The Yale Puppeteers, consisting of Forman Brown, Harry Burnett, and Roddy Brandon, came together in the 1920s and spent almost the next seven decades touring the United States, putting on satirical performances that featured puppets in starring roles.[...]
Having spent the fall lounging in the bath dressed as a lobster, and gamboling around New York City with Waiting for Godot cast mate Ian McKellen, the irrepressible Patrick Stewart brought 2013 to a close by indulging a curious fan of NPR’s How To Do Everything podcast.
Her question? What do English cows sound like when they moo.
Before Urban Outfitters and Project Impossible, before the adorable bickering ubiquity of spokespeople James Garner and Mariette Hartley, Polaroid kept things classy by entrusting its reputation to the most serious of serious actors.
Take Laurence Olivier.
A Fool’s Idea is a conversational documentary series, produced by Brian A. Bernhard, that pursues the fool in all his permutations.[...]
To write an obituary for Peter O’Toole, who died this past Sunday, I would pick no other writer than New Yorker film critic Anthony Lane. Luckily, the New Yorker had the same inclination. In his “postscript” piece on O’Toole, Lane references one of my favorite pieces of television talk, viewable above.[...]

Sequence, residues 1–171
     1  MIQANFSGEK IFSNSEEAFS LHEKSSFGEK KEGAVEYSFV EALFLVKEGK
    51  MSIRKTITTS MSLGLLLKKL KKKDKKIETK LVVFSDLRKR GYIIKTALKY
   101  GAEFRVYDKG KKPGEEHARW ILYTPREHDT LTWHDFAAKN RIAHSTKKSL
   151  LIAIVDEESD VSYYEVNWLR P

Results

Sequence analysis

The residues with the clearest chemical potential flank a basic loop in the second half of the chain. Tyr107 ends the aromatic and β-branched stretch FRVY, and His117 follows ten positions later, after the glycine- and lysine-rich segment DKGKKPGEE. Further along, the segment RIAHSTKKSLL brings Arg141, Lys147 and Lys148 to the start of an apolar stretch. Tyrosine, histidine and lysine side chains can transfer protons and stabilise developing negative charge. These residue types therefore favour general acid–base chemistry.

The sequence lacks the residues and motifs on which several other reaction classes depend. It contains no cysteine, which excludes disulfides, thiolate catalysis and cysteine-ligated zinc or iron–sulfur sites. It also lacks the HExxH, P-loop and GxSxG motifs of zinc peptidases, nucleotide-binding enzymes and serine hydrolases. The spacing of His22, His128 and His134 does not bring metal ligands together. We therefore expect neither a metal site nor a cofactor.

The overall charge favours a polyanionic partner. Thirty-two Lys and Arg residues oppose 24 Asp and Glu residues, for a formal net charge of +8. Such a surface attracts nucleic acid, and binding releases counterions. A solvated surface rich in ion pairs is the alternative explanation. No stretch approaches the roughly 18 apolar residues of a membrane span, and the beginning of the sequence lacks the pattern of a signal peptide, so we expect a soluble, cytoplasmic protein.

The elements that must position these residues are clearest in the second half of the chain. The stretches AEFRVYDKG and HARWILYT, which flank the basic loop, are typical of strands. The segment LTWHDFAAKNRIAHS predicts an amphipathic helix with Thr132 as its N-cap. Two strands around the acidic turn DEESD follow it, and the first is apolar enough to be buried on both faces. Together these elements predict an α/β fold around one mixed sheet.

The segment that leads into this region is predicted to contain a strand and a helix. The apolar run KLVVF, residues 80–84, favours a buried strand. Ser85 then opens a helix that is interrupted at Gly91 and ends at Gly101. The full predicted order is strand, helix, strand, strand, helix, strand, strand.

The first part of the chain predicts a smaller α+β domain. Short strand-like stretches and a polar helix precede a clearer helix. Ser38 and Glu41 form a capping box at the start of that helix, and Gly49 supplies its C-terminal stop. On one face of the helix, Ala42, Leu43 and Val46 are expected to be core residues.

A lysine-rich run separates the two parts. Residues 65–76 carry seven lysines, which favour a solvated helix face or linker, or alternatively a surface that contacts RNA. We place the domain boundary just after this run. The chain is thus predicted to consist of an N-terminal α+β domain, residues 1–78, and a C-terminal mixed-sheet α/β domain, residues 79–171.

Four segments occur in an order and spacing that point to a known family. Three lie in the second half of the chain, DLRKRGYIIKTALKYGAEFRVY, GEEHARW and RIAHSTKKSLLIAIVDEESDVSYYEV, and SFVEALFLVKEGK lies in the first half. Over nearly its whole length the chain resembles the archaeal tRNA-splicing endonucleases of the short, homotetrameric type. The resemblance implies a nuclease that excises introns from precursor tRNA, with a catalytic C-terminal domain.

Yes, you read correctly: there exists a piece of theater whose production brought together three of the most ardently-followed, iconoclastic creators of recent decades.[...]
On this day, in 1938, listeners tuned in to CBS radio to hear a piece of radio theater (listen below or here) so frightening and, for its time, realistic, that people across New England and eastern Canada fled their homes to escape danger.[...]
Shakespeare sells: counterintuitive, but seemingly true. The film industry, which pumps out Shakespeare adaptations (of varying levels of creativity) on the regular, has known this ever since it could hardly have had much awareness of itself as a film industry.[...]
I believe some movies are so classic, they should be considered untouchable, an opinion I wish more Broadway producers shared.
Brace yourself. Rocky, Sylvester Stallone’s heartwarming tale about a small-potatoes boxer in 1970s Philadelphia, has been turned into a musical.
No! Why!? Adrian!!!
It’s likely not as bad as I fear.